• An ARMv8 64-bits Android phone, tablet or emulator. (Required to run and test the produced application)

All the code written in this document is also on the following Git repository : https://github.com/Miouyouyou/ARMv8a-Call-Java-method-from-Assembly


Calling Conventions

Native code calling conventions : ARMv8-A Application Procedure Call Standard

Now, in order make the logic of the following code clearer, I’ll restate some parts of the ARMv8-A 64 bits Application Procedure Call Standard (AAPCS), which is a convention that is followed by every compiler and manual assembler, to produce procedures in order that can cooperate smoothly. This document can be read here : http://infocenter.arm.com/help/topic/com.arm.doc.ihi0055b/IHI0055B_aapcs64.pdf

x0..x7 means all the registers between x0 and x7, that is x0, x1, x2, x3, x4, x5, x6 and x7.

When following the AAPCS :

  • Procedures (aka functions) arguments are first passed in x0..x7. This means that you can pass up to 8 arguments through registers.
  • Procedures can return up to 8 values through the same registers, x0..x7. This means that these registers can and will often be overwritten by the procedures you call, in order to return values.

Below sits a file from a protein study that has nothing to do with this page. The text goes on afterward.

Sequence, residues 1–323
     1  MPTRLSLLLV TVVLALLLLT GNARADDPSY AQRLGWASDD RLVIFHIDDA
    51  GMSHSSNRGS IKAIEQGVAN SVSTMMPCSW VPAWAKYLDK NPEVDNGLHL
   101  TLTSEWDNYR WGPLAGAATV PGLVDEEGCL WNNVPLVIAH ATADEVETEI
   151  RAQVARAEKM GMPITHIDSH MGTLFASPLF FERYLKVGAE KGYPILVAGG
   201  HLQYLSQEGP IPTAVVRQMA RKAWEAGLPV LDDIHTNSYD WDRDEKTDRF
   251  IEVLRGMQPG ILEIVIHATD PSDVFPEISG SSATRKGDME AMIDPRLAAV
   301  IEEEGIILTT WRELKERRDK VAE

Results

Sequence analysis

• Procedures can use the registers x9..x15 to store temporary values, without second thought. This means that these registers can and will also be overwritten by the procedures you call.
  • Procedures must backup the registers between x19..x28 before overwriting their content. This means that these registers should be kept intact by the procedures you call.

So, if we need to save an argument for later use, x19..x28 is our best bet.

  • The content of x9..x15 will require a push/pop in the stack on every sub-procedure call, or else we might loose their contents.
  • We could also directly push/pop x0..x7 on every sub-procedure call, when we need to save/load their content again.
  • However x19..x28 only require one push/pop operation in an entire procedure, since every sub-procedure will save their contents by convention.